Biomedical Imaging Group
Biomedical Imaging Group
Ducros N.,Polytechnic of Milan |
Ducros N.,French National Center for Scientific Research |
Ducros N.,French Institute of Health and Medical Research |
Ducros N.,University Claude Bernard Lyon 1 |
And 12 more authors.
Medical Physics | Year: 2010
Purpose: In the context of fluorescence diffuse optical tomography, determining the optimal way to exploit the time-resolved information has been receiving much attention and different features of the time-resolved signals have been introduced. In this article, the authors revisit and generalize the notion of feature, considering the projection of the measurements onto some basis functions. This leads the authors to propose a novel approach based on the wavelet transform of the measurements. Methods: A comparative study between the reconstructions obtained from the proposed wavelet-based approach and the reconstructions obtained from the reference temporal moments is provided. An inhomogeneous cubic medium is considered. Reconstructions are performed from synthetic measurements assuming Poisson noise statistics. In order to provide fairly comparable reconstructions, the reconstruction scheme is associated with a particular procedure for selecting the regularization parameter. Results: In the noise-free case, the reconstruction quality is shown to be mainly driven by the number of selected features. In the presence of noise, however, the reconstruction quality depends on the type of the features. In this case, the wavelet approach is shown to outperform the moment approach. While the optimal time-resolved reconstruction quality, which is obtained considering the whole set of time samples, is recovered using only eight wavelet functions, it cannot be attained using moments. It is finally observed that the time-resolved information is of limited utility, in terms of reconstruction, when the maximum number of detected photons is lower than 105. Conclusions: The wavelet approach allows for better exploiting the time-resolved information, especially when the number of detected photons is low. However, when the number of detected photons decreases below a certain threshold, the time-resolved information itself is shown to be of limited utility. © 2010 American Association of Physicists in Medicine.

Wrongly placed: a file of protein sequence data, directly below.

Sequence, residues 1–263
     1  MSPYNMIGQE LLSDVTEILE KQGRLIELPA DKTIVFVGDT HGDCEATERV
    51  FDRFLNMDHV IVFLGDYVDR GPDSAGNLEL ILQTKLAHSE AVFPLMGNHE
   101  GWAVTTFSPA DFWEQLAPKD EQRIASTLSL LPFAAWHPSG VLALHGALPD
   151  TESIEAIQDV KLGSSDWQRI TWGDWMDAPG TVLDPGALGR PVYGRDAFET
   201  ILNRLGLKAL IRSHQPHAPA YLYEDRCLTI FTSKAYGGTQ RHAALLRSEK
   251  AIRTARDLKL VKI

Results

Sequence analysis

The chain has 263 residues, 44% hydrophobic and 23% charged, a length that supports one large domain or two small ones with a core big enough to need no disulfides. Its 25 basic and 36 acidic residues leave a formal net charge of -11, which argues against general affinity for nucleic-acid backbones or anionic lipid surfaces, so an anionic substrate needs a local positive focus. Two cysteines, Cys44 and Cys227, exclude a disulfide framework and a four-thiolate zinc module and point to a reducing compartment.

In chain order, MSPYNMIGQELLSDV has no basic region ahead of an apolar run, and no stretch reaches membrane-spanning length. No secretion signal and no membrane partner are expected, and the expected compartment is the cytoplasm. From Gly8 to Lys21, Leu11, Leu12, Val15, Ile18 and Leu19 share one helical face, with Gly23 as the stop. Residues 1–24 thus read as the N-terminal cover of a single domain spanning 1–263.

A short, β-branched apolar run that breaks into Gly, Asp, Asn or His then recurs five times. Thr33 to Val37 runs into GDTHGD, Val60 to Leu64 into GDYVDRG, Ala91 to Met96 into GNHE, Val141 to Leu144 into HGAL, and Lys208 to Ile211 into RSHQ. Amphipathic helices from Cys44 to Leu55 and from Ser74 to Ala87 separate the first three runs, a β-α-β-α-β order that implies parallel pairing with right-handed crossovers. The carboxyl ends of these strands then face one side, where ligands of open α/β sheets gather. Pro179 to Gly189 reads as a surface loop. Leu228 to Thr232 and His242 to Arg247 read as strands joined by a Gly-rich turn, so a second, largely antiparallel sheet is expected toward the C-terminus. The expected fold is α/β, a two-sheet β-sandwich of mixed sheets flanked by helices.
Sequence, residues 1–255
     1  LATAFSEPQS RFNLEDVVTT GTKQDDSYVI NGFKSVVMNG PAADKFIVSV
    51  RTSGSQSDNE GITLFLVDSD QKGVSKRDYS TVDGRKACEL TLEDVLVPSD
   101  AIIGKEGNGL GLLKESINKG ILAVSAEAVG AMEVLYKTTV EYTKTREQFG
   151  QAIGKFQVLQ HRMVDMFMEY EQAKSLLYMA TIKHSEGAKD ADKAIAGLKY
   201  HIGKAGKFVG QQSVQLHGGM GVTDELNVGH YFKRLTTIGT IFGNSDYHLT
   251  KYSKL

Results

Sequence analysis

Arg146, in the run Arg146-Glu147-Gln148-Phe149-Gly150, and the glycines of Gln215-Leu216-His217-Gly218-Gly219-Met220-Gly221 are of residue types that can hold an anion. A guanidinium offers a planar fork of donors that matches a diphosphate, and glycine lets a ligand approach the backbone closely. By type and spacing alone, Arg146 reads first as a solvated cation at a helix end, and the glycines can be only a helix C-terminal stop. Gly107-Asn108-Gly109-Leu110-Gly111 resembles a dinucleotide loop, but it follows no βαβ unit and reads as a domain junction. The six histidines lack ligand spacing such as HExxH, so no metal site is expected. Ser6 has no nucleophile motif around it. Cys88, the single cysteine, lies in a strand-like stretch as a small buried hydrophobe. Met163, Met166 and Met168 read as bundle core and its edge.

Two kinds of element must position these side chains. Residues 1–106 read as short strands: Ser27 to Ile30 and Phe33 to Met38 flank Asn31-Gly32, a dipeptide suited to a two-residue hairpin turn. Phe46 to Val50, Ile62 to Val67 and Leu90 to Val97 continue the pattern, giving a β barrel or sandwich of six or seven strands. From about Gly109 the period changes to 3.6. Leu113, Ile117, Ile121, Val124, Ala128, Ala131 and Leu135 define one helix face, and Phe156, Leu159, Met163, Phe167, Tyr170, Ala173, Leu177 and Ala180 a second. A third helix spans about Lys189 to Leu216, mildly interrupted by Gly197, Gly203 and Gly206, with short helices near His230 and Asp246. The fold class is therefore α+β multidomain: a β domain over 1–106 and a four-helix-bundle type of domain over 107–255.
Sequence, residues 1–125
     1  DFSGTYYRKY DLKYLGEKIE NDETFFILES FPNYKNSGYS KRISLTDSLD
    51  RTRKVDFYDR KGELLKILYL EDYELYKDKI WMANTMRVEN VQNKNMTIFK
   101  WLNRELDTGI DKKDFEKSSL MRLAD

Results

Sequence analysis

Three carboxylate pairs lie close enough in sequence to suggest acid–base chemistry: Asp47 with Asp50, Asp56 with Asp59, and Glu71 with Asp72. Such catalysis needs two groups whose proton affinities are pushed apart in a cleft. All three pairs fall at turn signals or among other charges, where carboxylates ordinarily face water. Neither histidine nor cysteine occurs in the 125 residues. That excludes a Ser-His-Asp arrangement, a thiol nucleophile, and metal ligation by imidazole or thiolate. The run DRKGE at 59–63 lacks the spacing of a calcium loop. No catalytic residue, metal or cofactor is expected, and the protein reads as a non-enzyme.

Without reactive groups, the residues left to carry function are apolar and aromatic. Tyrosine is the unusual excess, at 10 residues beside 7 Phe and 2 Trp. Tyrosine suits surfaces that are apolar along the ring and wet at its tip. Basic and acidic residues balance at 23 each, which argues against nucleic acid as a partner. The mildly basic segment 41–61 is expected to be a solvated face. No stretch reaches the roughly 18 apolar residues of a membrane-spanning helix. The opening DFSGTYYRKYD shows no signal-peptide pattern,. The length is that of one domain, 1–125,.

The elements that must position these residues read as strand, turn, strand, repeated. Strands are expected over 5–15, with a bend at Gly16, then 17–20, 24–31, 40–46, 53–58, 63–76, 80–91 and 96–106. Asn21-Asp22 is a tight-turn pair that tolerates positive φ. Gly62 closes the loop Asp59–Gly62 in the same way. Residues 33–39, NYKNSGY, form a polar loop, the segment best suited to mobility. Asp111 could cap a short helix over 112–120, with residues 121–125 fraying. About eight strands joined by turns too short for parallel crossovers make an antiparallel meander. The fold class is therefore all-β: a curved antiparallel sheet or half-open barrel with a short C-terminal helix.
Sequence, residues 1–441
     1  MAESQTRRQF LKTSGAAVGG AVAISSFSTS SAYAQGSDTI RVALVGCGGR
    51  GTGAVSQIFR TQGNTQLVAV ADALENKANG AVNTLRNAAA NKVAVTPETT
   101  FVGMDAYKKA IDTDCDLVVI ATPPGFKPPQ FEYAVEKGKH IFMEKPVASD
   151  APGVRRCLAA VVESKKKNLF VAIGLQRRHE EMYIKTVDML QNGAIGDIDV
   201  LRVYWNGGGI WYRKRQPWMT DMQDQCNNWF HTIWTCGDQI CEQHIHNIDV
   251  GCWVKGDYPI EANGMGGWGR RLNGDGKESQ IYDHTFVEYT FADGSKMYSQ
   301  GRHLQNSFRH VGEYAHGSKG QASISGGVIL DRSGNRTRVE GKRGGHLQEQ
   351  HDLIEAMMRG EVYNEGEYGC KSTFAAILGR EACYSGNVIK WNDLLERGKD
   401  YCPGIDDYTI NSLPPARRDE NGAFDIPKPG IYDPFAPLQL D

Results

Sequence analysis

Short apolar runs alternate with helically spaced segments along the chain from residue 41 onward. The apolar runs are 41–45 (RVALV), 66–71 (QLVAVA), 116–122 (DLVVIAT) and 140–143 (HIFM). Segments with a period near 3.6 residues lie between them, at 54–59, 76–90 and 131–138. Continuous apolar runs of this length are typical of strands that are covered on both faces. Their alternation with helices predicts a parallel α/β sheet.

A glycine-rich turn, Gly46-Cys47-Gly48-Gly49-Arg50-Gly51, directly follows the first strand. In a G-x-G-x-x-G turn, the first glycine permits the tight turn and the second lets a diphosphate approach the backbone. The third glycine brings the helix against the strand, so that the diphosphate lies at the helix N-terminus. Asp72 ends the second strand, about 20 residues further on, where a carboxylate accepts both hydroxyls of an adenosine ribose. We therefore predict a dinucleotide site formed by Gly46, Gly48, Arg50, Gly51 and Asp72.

Zhang C.-H.,Nanjing University |
Zhang C.-H.,University of Massachusetts Medical School |
Li Y.,Nanjing University |
Li Y.,University of Massachusetts Medical School |
And 8 more authors.
American Journal of Respiratory and Critical Care Medicine | Year: 2013